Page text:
Journal Impact Factor 2,298
Rank by Impact Factor Immunology 141/161
Microbiology 118/136
Impact Factor
without
Journal Self Cites
2,143
5 Year
Impact Factor
1,925
Journal Citation Indicator 0,39
Rank by Journal Citation Indicator Immunology 146/177
Microbiology 129/157
Scimago  
Scimago
H-index
29
Scimago
Journal Rank
0,362
Scimago Quartile Score Immunology and Microbiology (miscellaneous) (Q3)
Medicine (miscellaneous) (Q3)
Scopus  
Scopus
Cite Score
3,6
Scopus
CIte Score Rank
General Immunology and Microbiology 26/56 (Q2)
Infectious Diseases 149/295 (Q3)
Microbiology (medical) 66/118 (Q3)
Scopus
SNIP
0,598

2020  
Total Cites 662
WoS
Journal
Impact Factor
2,048
Rank by Immunology 145/162(Q4)
Impact Factor Microbiology 118/137 (Q4)
Impact Factor 1,904
without
Journal Self Cites
5 Year 0,671
Impact Factor
Journal  0,38
Citation Indicator  
Rank by Journal  Immunology 146/174 (Q4)
Citation Indicator  Microbiology 120/142 (Q4)
Citable 42
Items
Total 40
Articles
Total 2
Reviews
Scimago 28
H-index
Scimago 0,439
Journal Rank
Scimago Immunology and Microbiology (miscellaneous) Q4
Quartile Score Medicine (miscellaneous) Q3
Scopus 438/167=2,6
Scite Score  
Scopus General Immunology and Microbiology 31/45 (Q3)
Scite Score Rank  
Scopus 0,760
SNIP
Days from  225
submission
to acceptance
Days from  118
acceptance
to publication
Acceptance 19%
Rate

2019  
Total Cites
WoS
485
Impact Factor 1,086
Impact Factor
without
Journal Self Cites
0,864
5 Year
Impact Factor
1,233
Immediacy
Index
0,286
Citable
Items
42
Total
Articles
40
Total
Reviews
2
Cited
Half-Life
5,8
Citing
Half-Life
7,7
Eigenfactor
Score
0,00059
Article Influence
Score
0,246
% Articles
in
Citable Items
95,24
Normalized
Eigenfactor
0,07317
Average
IF
Percentile
7,690
Scimago
H-index
27
Scimago
Journal Rank
0,352
Scopus
Scite Score
320/161=2
Scopus
Scite Score Rank
General Immunology and Microbiology 35/45 (Q4)
Scopus
SNIP
0,492
Acceptance
Rate
16%

 

Acta Microbiologica et Immunologica Hungarica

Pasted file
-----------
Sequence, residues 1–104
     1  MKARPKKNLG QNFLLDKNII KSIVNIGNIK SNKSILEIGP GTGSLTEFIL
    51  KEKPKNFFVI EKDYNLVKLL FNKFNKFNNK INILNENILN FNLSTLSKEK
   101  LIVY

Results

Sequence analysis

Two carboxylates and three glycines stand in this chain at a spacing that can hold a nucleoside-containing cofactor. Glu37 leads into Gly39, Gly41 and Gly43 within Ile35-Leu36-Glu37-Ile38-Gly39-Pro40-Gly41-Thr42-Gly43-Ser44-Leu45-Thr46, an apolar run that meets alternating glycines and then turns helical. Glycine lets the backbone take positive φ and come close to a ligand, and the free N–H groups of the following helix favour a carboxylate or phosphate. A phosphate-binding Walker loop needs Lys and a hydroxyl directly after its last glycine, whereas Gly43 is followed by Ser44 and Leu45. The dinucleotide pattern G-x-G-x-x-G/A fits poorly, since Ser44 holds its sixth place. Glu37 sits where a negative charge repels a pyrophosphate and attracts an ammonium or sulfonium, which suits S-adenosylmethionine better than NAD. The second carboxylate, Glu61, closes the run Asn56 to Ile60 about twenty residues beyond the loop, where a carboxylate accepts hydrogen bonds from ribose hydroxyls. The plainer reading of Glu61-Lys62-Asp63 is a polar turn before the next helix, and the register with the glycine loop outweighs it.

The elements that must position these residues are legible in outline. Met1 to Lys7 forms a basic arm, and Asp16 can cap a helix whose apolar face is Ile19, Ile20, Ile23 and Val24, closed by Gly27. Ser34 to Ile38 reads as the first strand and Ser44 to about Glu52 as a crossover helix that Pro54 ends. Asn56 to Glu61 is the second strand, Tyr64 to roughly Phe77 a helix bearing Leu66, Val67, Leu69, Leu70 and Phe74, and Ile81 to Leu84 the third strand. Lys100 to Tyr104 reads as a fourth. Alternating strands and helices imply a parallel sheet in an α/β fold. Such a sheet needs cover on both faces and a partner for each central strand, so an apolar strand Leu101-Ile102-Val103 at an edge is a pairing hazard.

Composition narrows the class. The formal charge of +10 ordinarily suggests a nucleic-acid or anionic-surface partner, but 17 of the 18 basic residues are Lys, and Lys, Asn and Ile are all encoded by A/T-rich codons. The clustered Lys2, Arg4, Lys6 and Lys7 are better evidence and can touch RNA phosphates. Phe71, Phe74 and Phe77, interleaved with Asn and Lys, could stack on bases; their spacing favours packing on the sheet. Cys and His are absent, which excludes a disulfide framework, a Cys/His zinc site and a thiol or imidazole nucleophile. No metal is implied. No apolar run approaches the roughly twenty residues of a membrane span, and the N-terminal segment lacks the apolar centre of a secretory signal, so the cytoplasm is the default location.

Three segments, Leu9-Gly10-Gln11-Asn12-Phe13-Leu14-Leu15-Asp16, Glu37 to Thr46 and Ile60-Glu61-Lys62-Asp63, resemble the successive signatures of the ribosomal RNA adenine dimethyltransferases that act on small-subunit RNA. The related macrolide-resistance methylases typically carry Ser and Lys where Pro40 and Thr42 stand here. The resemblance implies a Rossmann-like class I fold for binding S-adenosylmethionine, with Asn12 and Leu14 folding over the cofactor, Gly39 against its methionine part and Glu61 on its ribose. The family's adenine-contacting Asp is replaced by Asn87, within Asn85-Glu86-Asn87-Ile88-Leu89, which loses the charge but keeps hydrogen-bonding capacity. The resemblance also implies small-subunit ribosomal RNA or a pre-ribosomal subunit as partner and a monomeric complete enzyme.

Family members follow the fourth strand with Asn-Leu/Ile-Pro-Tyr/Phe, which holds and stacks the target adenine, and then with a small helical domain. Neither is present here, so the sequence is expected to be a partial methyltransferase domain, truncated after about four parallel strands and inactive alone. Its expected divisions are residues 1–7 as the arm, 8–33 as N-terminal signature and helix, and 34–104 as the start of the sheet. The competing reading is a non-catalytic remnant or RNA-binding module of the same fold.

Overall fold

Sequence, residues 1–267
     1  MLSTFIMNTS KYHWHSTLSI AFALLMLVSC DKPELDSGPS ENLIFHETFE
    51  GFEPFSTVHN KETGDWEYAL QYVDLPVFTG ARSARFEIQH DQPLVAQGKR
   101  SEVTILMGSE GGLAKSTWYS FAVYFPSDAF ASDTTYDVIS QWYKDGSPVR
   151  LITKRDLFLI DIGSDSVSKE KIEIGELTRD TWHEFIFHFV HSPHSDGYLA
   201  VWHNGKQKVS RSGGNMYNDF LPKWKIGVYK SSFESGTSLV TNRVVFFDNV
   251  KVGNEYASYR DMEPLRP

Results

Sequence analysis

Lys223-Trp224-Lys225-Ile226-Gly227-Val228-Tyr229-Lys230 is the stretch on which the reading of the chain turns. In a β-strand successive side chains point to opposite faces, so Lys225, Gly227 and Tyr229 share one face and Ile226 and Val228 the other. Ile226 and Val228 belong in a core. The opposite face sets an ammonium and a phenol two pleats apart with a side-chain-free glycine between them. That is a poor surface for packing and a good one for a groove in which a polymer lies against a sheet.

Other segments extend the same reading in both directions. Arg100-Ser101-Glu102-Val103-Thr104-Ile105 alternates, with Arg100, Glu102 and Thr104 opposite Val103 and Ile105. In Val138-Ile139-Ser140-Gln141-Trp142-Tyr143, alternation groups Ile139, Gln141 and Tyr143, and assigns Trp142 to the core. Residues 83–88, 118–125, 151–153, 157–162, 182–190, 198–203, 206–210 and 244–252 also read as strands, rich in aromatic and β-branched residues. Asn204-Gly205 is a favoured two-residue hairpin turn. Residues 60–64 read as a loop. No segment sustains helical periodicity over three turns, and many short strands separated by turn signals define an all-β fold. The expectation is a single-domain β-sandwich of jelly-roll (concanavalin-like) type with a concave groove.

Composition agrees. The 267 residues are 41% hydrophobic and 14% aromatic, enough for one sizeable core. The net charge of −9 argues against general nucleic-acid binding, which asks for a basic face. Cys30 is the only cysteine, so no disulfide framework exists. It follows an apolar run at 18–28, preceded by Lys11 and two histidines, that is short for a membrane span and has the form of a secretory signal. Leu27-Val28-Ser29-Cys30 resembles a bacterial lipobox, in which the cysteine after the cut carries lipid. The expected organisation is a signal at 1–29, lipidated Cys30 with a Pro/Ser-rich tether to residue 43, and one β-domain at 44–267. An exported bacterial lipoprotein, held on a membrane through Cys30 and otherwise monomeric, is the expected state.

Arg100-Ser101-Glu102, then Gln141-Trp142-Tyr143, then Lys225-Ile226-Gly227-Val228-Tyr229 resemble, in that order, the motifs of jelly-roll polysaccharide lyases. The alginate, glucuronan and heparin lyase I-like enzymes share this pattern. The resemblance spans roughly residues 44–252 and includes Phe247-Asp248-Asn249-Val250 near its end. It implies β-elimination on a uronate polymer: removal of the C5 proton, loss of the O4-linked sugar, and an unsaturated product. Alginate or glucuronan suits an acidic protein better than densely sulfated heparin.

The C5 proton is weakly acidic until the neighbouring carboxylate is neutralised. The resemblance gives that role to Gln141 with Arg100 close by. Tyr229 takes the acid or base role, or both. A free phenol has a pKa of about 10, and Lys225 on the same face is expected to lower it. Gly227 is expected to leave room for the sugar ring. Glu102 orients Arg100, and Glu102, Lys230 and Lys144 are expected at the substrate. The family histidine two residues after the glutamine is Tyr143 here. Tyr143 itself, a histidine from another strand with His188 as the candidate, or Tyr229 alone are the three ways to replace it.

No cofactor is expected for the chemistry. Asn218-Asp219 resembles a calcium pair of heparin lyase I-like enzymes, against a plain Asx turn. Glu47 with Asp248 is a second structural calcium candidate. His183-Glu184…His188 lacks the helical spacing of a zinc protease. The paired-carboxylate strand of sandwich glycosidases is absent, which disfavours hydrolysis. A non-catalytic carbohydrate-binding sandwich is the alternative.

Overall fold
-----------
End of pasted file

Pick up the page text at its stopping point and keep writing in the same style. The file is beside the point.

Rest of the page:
Publication Model Online only Hybrid
Submission Fee none
Article Processing Charge 1100 EUR/article
Regional discounts on country of the funding agency World Bank Lower-middle-income economies: 50%
World Bank Low-income economies: 100%
Further Discounts Editorial Board / Advisory Board members: 50%
Corresponding authors, affiliated to an EISZ member institution subscribing to the journal package of Akadémiai Kiadó: 100%
Subscription fee 2023 Online subsscription: 680 EUR / 832 USD
Print + online subscription: 760 EUR / 930 USD
Subscription Information Online subscribers are entitled access to all back issues published by Akadémiai Kiadó for each title for the duration of the subscription, as well as Online First content for the subscribed content.
Purchase per Title Individual articles are sold on the displayed price.

Acta Microbiologica et Immunologica Hungarica
Language English
Size A4
Year of
Foundation
1954
Volumes
per Year
1
Issues
per Year
4
Founder Magyar Tudományos Akadémia
Founder's
Address
H-1051 Budapest, Hungary, Széchenyi István tér 9.
Publisher Akadémiai Kiadó
Publisher's
Address
H-1117 Budapest, Hungary 1516 Budapest, PO Box 245.
Responsible
Publisher
Chief Executive Officer, Akadémiai Kiadó
ISSN 1217-8950 (Print)
ISSN 1588-2640 (Online)

Monthly Content Usage

Abstract Views Full Text Views PDF Downloads
Dec 2023 0 0 0
Jan 2024 0 0 0
Feb 2024 0 0 0
Mar 2024 0 0 0
Apr 2024 0 0 0
May 2024 535 8 10
Jun 2024 438 3 5